Here's the thing about 40-hour work weeks, they take some getting used to. It's the end of my second week as an editorial assistant for American Theatre magazine. Besides having designated sections of the magazine that I am now in charge of (look for my writing in the awards sections, entrances & exits, and production notebook), I also edit, fact-check, process photos and make misc changes to magazine copy as they come in. And if I come up with a brilliant idea (still waiting on that one), I can write a feature article for the magazine.
At the moment, I'm trying to refresh the well on the ideas. It's writing about theaters (which is spelled theatre in the magazine, that takes some getting used to) on a national scale, which I am getting used to.
So upon getting home everyday at around 7 p.m., all I want to do is eat and watch Netflix. The exhaustion is not nearly as bad this week as it was the first week. And hopefully, it will not be as bad next week as this week. I'm just taking it one day at a time and hoping for some good ideas to write/blog about in the process.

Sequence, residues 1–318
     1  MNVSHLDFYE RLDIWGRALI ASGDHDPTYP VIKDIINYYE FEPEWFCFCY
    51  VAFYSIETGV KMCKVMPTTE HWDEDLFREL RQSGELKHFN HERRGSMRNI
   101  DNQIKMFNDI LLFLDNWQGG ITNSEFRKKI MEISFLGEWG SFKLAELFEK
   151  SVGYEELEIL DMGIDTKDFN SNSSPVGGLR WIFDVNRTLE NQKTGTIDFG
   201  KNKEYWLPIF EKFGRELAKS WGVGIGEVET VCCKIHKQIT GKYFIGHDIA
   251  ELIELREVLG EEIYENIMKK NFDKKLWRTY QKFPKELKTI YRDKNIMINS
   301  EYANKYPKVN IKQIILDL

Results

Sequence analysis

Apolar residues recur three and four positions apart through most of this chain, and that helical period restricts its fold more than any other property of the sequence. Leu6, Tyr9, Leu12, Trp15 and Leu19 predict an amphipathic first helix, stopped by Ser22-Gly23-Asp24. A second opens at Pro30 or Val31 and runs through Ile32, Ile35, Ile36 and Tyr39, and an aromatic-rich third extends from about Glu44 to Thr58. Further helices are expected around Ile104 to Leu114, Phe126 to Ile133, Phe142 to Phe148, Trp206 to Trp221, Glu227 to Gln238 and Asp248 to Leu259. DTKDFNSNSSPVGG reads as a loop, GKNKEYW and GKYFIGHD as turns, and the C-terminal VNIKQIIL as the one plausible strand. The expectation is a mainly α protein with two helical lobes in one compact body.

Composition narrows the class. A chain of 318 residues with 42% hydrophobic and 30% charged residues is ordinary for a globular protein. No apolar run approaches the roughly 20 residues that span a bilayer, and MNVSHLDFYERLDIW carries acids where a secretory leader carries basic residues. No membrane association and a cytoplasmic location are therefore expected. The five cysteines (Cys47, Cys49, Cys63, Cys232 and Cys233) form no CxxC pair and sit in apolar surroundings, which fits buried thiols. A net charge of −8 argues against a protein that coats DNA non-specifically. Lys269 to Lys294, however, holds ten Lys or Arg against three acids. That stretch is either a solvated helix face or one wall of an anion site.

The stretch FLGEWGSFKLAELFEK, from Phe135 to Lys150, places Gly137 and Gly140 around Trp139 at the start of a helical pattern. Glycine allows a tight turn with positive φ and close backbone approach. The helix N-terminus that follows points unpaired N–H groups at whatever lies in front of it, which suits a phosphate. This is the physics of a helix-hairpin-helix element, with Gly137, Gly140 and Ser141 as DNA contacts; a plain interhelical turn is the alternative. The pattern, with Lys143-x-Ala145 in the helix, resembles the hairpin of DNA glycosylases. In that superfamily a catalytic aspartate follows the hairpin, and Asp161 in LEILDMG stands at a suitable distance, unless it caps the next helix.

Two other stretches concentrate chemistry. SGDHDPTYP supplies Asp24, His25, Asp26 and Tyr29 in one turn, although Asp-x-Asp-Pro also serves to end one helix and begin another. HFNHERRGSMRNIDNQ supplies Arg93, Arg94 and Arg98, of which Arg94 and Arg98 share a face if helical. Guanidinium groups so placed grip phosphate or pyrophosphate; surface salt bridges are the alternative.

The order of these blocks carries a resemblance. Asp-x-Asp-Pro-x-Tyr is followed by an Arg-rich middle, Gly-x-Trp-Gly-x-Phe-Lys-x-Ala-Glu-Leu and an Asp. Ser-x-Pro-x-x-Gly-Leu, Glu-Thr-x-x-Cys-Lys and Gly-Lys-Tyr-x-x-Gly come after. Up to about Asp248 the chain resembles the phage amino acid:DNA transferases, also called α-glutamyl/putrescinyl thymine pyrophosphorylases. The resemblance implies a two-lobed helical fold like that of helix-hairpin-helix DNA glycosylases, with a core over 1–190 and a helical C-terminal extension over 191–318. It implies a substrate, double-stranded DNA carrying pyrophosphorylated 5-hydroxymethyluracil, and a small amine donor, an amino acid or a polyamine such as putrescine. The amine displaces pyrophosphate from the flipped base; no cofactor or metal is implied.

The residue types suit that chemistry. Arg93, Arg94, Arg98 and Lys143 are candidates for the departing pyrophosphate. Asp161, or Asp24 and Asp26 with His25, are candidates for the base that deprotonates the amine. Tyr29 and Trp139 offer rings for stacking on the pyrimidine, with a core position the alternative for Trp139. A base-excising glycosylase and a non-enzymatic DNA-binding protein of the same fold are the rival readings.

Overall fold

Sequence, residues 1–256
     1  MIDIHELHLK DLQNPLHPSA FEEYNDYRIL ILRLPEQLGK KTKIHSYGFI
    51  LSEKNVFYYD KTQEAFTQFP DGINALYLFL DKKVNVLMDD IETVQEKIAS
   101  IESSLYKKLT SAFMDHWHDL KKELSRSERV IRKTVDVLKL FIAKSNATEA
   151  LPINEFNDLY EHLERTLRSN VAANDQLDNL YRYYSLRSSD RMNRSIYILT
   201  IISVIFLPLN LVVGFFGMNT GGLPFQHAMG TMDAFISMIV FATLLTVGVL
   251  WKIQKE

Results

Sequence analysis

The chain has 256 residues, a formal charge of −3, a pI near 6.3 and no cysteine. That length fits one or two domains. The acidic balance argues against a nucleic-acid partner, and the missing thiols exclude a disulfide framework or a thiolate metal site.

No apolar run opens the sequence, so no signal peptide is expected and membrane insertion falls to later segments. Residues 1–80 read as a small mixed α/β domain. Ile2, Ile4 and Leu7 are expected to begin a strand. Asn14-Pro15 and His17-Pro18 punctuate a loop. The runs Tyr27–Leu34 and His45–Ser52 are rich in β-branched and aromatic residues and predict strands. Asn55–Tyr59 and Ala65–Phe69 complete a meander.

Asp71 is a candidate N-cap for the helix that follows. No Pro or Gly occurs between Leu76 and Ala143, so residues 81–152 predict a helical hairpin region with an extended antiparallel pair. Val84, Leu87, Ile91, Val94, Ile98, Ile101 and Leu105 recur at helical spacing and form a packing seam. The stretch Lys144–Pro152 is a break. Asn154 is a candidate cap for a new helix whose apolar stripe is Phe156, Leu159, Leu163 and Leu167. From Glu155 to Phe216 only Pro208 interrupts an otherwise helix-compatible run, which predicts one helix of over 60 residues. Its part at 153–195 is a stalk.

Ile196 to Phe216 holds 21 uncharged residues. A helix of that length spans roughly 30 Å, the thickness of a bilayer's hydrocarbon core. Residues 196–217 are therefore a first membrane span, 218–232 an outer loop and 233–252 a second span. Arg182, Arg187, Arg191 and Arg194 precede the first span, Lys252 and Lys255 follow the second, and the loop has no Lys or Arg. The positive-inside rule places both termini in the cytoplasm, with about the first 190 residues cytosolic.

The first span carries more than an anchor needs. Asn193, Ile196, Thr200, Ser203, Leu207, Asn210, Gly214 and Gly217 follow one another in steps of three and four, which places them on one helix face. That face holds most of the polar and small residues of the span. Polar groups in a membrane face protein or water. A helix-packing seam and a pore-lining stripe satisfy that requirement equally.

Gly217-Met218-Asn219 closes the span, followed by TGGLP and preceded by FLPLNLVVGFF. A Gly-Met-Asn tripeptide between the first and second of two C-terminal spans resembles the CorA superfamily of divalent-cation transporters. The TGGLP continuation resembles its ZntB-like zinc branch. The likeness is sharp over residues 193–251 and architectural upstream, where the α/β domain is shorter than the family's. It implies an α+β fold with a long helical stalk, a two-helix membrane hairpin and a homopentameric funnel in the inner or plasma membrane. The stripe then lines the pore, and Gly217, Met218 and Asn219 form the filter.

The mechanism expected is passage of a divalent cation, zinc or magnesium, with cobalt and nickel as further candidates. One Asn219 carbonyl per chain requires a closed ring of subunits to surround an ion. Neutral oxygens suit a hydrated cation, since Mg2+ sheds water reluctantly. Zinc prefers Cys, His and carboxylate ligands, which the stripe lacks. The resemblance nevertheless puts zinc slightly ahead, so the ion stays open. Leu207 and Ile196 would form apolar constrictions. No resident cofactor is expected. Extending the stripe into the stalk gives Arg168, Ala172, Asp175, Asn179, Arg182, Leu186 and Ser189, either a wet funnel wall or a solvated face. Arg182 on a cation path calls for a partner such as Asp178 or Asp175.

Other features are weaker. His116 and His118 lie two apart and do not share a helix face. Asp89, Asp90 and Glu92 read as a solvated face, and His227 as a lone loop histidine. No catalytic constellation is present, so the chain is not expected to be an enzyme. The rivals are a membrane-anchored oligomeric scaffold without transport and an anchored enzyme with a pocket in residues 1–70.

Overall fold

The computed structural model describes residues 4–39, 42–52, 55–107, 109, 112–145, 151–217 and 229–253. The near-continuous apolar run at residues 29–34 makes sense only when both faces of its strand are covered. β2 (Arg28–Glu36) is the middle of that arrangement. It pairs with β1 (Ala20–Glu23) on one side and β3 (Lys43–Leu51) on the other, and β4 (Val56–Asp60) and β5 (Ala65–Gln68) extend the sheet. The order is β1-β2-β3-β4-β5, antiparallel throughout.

In the meantime, I wake up everyday and I am excited about going to work. And for a job, that's all you really need, I think.
Then again, I've only been a real adult for two weeks.
P.S. How did I find the job?
An alumni who interned at the magazine was forwarded the job opening by the managing editor, who forwarded the listing to my Goldring adviser. Who knew that I loved theater, so she forwarded the listing to me. A month later (with a follow-up e-mail two weeks after I sent the resume), I was called into interview where I promptly tried to be my wittist, most likable self. A second round of interviews later, a copy-editing test, multiple phone calls to my mother telling her to pray, and a phone call to my old editor at one of my old internships...I got the job.
The lesson in all this:
- Stay in contacts with your old bosses and forge good relationships with your academic advisers
- Job hunting takes longer than you usually think it will
- Never underestimate the power of sheer luck (a quick aside: as another alumni said: "There are, like, three theater writing jobs out there." And by sheer luck, I got one of them.)